From that third-floor office, the tour worked through minimal snags, except when it came to the new digital initiatives it sought.
Pushing to become the most progressive property in the digital space, Finchem launched a bid to take golf beyond its traditional limits of broadcast TV.
The tour and the networks agreed that the TV broadcasts will be simulcast on other platforms, including online, smartphones and tablets.
PGATour.com will be one of the homes for the simulcast, but other applications will be developed.
When NBC has the tournament, the broadcast will run on NBCsports.com, while CBS’s tournaments will be broadcast on CBSsports.com. The tour and the networks are considering other possible online outlets.
Other revenue-related details still must be worked out. It hasn’t yet been determined if all of the advertising from the TV broadcast will run on the simulcast, or if those units will be sold separately. And if they are sold separately, who sells it and how will the revenue be split?
What Moorhouse does know is that the tour’s title sponsors will maintain their same position in the simulcast, as will FedEx, the tour’s umbrella sponsor.
The tour is not contemplating a subscription model for the live tournament simulcasts, but there could be some unique premium programming that is sold digitally.
Many of those questions will be answered in the next year as the tour works through another important negotiation with Turner Sports for the tour’s digital rights. Turner’s deal expires in 2012, and Moorhouse indicated that those rights will go to the open market.
Sources say the NFL already has started talks with ESPN, Fox, NBC and Turner. The league is planning to devote its full attention to the package once it completes a “Monday Night Football” extension with ESPN. The ESPN deal is virtually complete, with lawyers checking the details on a $1.8 billion annual deal that would keep the franchise on ESPN through 2022-23, sources say.
I see NBC Sports Network as a clear favorite to pick up the package, followed closely by Turner.
Comcast clearly has the money to commit to the package. The only question I have is whether NBC can actually afford it.
IDA MAE ASTUTE / ESPN
The “MNF” extension with ESPN is virtually complete, but a new eight-game NFL package is up for grabs.
Earlier this year, Versus committed $187 million per year to keep the NHL. That deal alone leaves $86.6 million in license fee money.
In order to get to the $700 million needed to get the NFL package, Versus would need to raise its license fee from 30 cents to about 75 cents. Given the distribution struggles NFL Network had when it first got an eight-game package, that seems like a tall order.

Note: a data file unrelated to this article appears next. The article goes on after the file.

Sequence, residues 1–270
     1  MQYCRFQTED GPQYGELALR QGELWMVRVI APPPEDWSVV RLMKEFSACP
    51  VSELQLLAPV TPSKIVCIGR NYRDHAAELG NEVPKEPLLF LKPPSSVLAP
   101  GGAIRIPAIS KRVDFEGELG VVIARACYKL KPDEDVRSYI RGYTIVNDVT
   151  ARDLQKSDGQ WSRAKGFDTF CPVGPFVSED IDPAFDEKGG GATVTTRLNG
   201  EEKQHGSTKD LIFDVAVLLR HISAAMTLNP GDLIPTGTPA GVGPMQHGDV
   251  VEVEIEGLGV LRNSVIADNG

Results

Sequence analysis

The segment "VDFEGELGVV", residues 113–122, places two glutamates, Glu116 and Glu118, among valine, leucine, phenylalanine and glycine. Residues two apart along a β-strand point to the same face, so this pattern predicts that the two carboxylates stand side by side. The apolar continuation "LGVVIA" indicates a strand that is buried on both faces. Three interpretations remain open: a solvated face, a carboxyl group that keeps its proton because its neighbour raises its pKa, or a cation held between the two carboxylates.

Here are the odds that I’m giving to the networks.
■ NBC Sports Network: 2-1
It’s clear that NBC wants the NFL and already has programmed several NFL-themed shows for its NBC Sports Network. My guess is that NBC and the NFL work out a deal that would give the league an ownership stake in NBC Sports Network. For the league, an ownership stake in one of NBC’s cable channels would be an easy way to bolster its media portfolio. For Comcast, it presents a way to get the league’s package without committing $700 million a year up front.
■ Turner Sports: 3-1
Turner’s David Levy has made no secret of his desire to carry the NFL, which TNT carried from 1990-97. Under Levy, Turner has been creative in cutting sports deals, such as with CBS for the NCAA men’s basketball tournament. Look for Turner to pursue a deal that gives Turner management responsibility over the NFL’s media, similar to Turner’s NBA deal. The NFL has toyed with the idea of giving up management responsibilities — or even an ownership stake — in NFL Network. Given its experience managing the NBA’s digital business, Turner would be a natural partner.
■ ESPN: 10-1
With ESPN committing $1.8 billion a year on “Monday Night Football” and highlight rights, it seems unlikely that it would commit $700 million more for an early-season package of eight games. I expect ESPN to stick around the bidding process to see if it can get a deal, but I don’t expect it to come close to winning the package.
■ Fox Sports: 15-1
Fox is the wild card, as it views sports as the surest way to grow FX. For example, the channel gets 44 cents a subscriber a month. TNT gets $1.16, according to SNL Financial. The NFL could help FX move into TNT’s neighborhood. The problem, according to sources, is that several big cable operators have surcharge protection in their deals with FX, which means that the channel would have to wait for these deals to end before it can reap a windfall. In the end, I’d be surprised if Fox’s bid comes close to what NBC and Turner will offer.
■ NFL Network: 50-1
NFL Network is increasing its distribution to the point where the NFL legitimately could consider putting the package on its own channel. But I see NFL Network as little more than a stalking horse that sticks around to help drive up rights fees.
John Ourand can be reached at firstname.lastname@example.org. Follow him on Twitter @Ourand_SBJ.